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Quality of Research Evidence

Few of us would argue with the importance of evidence-based practice (EBP) in sports medicine, but to develop such a culture we must have ‘quality’ research literature (1). Research is simply a way of solving problems. Questions are raised, and methods are devised in an attempt to answer them (2). Research enables us to convert theory into practice to solve clinical problems. Research in medicine and sciences has developed within a framework of thinking that is known as the ‘scientific method’. This framework has become the predominant model for rigorous research investigation.


The quality issue

Unfortunately, owing to the vast quantities of research material now available, searching and locating relevant literature can be difficult and often very time consuming. Furthermore, the ‘quality’ of research evidence cannot always be relied upon for EBP. This article will attempt to identify some of the typical pit-falls, discuss the necessary research skills required for EBP.



Evidence-based practice (EBP) is a process of turning clinical problems into questions, then systematically locating, critically appraising, and using robust contemporary research as the basis for clinical decisions (3). It is widely accepted the reading of peer reviewed research articles is essential for EBP and vital to continuing professional development (CPD) (4, 5, 6). Journal reading enables the therapist to keep up-to-date with current thinking (7). However, research evidence should never be accepted blindly and certainly not taken at face value (8). Therefore, research needs to be critically evaluated for both quality (validity) and relevance (9) to help the clinician make better use of the evidence (10) to inform clinical decisions and practice. Rothstein (11) realised the survival of his profession (physical therapy) depended not on the quantity of dubious research but on the quality of focused and meaningful research. Rosenberg and Donald (3) said “we are confronted by a growing body of information, much of it invalid or irrelevant to clinical practice”.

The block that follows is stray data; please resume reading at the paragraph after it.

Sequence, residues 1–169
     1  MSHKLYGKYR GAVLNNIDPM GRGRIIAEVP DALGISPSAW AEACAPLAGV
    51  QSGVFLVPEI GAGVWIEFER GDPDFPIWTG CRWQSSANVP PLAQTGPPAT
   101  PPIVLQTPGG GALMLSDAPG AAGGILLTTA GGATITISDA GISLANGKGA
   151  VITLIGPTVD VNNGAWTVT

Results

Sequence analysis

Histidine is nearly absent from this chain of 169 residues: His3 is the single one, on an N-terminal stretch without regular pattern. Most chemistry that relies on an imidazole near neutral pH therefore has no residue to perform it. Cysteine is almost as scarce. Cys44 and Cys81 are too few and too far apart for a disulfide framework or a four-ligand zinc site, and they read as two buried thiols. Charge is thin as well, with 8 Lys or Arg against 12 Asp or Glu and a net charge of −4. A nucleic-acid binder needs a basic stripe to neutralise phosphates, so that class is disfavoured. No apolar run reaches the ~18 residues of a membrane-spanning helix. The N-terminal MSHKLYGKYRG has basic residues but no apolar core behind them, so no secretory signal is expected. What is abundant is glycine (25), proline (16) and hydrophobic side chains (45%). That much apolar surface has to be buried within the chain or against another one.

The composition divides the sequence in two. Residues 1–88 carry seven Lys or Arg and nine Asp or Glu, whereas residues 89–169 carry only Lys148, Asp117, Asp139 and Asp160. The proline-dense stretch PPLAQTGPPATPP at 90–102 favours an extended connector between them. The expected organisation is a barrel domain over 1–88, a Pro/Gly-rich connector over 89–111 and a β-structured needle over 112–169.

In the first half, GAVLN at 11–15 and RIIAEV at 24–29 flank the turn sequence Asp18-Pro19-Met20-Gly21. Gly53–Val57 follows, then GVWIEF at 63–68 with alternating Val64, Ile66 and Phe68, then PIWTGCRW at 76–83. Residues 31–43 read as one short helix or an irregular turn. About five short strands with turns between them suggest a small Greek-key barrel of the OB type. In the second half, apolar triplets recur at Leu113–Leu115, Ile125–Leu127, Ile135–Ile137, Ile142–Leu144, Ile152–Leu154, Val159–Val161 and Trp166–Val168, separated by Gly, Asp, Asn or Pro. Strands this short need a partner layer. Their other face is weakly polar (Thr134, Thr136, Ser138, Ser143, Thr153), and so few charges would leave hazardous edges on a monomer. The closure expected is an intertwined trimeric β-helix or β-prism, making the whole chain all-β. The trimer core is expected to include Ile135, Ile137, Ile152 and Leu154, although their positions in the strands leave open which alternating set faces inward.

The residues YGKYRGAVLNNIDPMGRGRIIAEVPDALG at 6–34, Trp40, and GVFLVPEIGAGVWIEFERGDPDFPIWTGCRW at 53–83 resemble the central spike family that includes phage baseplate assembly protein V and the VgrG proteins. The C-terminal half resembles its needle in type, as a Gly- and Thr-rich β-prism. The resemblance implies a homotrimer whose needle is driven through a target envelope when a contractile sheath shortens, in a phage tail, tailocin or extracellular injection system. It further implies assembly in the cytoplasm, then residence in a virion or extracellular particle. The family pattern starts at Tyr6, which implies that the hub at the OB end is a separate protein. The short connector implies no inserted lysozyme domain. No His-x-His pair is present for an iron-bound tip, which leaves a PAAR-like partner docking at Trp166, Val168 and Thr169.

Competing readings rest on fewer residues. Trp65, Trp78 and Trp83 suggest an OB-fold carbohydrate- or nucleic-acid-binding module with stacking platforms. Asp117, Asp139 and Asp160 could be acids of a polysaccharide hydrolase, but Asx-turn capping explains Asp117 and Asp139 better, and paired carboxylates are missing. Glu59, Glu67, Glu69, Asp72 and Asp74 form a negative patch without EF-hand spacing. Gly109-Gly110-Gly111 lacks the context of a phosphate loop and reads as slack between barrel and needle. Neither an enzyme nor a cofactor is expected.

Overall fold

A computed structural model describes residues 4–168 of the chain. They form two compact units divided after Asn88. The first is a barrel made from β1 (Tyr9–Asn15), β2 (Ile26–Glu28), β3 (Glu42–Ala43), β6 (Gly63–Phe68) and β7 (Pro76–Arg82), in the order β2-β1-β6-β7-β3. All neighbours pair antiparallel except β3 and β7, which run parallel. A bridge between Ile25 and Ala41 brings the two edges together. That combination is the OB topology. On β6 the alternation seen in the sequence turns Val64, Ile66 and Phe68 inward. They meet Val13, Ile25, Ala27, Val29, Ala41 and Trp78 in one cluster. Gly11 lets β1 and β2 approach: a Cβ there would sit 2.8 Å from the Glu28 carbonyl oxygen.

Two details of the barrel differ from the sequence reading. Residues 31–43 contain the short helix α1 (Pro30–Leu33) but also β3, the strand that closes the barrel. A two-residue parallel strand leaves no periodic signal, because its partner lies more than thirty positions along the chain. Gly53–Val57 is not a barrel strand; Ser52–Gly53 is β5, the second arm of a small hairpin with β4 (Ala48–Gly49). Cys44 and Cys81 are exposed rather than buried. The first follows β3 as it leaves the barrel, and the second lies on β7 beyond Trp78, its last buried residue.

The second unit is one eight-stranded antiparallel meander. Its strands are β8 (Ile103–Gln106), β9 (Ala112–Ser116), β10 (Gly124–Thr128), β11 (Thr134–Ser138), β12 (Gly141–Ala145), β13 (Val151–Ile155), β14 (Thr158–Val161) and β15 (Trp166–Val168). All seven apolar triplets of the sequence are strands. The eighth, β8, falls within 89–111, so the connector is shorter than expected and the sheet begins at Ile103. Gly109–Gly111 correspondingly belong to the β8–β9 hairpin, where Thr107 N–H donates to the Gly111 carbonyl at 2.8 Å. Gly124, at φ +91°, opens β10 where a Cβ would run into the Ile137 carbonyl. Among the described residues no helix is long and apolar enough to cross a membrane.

Many authors share this view, for example; Marshall (8) reminds us of the need to read literature with a critical mind even that published in peer reviewed journals. More drastically, Greenhalgh (12) suggests most published articles belong in the bin, and should certainly not be used to inform practice. According to Del Mar (13) most research papers are written as communications from scientists to scientists and relatively few have immediate clinical relevance - most of the remainder are not rigorous enough to warrant applying clinically. Consequently, the proportion of useful information is very small. Greenhalgh (12) reported many papers published in medical journals have potentially serious methodological flaws. Therefore, if you are deciding whether a paper is worth reading, you should do so on the design of the methods section. In support of Greenhalgh, Sheldon et al. (14) suggests that when designing studies investigators should consider how and by whom their results will be used. The design should be sufficiently robust, the setting sufficiently similar to that in which the results are likely to be implemented, the outcomes should be relevant, and the study size large enough for the results to convince decision makers of their importance. Although textbooks play an important role in providing basic information to learners the drawback with all textbooks is staying current (15). Some concepts described in textbooks can lag behind the empirical evidence by as much as 10 years. This lag is in part attributable to the more prolonged publication cycle for textbooks than for journal articles. In summary, treatment interventions should be chosen from the most relevant, scientifically sound and rigorous evidence currently available. Fortunately, the use of hierarchies of evidence can assist clinicians in this process.